Here's what happened. I could see the bus driving up so with plenty of time for the driver to stop I put my arm out, but he wasn't slowing down. So, I started waving about a little, probably looking a little strange, thinking perhaps he couldn't see me. It was clear he had seen me though when he made eye contact with me as he drove straight past. It was then that I could see that there was a buggy in the wheelchair space and I knew at that moment that I had been left on the pavement because of that. This is all despite the recent Supreme Court Ruling stating that bus drivers must require people to move from the wheelchair space, but this driver didn't even give the person a chance to move. Perhaps if asked they would have happily obliged and moved for me, we probably could have shared the space. The driver denied them that choice though and denied me my right to use the bus like everyone else does. Honestly, I'm disgusted and still incredibly angry. What makes it worse is when I complained East Yorkshire Motor Services they apologised for the driver 'missing me', insinuating that perhaps he hadn't seen me despite me saying that he looked me right in the eye, it's clear that he purposely drove past me.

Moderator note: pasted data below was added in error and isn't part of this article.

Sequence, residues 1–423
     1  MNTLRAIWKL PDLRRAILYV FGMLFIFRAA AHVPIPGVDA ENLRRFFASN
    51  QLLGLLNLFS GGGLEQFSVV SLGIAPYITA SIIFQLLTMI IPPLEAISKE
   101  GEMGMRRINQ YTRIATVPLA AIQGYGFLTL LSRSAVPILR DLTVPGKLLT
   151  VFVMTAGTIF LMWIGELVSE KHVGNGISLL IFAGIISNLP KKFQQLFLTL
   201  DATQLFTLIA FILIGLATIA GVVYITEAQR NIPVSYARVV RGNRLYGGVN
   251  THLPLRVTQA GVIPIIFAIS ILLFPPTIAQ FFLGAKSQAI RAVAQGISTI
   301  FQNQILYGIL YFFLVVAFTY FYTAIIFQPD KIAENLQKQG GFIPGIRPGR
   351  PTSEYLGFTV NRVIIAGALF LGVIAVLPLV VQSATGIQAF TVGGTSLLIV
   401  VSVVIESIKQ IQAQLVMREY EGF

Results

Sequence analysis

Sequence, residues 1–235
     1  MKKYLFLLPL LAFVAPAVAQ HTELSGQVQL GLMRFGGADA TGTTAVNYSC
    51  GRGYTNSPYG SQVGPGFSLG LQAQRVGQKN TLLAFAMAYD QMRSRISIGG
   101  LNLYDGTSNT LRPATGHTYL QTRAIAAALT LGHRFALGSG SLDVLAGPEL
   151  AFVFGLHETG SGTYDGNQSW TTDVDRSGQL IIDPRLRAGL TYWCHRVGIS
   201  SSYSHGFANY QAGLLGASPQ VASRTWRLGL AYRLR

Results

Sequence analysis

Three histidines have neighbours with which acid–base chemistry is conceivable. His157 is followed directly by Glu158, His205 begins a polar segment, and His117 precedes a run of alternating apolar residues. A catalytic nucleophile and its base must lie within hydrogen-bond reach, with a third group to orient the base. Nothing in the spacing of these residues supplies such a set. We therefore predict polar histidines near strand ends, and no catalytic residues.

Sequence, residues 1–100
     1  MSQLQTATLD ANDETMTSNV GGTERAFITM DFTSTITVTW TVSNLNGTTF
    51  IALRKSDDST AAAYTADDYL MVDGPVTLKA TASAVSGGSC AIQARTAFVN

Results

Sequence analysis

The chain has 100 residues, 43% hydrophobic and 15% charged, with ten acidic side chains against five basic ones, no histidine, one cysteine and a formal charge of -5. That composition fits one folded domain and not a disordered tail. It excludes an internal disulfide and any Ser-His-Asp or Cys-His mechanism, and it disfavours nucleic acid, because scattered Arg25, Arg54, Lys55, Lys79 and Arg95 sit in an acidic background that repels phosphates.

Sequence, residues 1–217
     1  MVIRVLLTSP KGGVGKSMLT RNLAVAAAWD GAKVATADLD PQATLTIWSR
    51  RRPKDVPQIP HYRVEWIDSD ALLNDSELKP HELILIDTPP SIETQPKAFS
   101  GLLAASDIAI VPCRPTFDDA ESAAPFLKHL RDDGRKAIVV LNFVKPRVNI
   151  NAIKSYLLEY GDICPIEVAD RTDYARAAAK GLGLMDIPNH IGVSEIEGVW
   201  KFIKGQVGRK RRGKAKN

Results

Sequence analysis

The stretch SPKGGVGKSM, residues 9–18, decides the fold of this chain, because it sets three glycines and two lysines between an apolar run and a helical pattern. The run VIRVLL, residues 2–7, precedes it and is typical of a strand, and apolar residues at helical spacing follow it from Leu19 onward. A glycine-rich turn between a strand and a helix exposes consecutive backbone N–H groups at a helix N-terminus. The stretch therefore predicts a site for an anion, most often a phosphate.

I'm sick of feeling like a second class citizen simply because I get around differently to some people. I'm sick of being ignored, forgotten and simply not cared about. It put a taint on my day and I struggled to enjoy my precious time out of the house because of how angry and upset I was, upset that a person could have such little regard and respect for another human being.

I've complained but I know nothing will come of it. I just need people to know what is going on, how bad things are still for wheelchair users and disabled people in general. If you think things are getting a lot better than you are so very wrong and I suggest that you educate yourself on the issues that myself and others face on a daily basis. Getting the bus makes me anxious enough as it is but now I have one more worry going around in my head, will the driver even care enough to stop for me?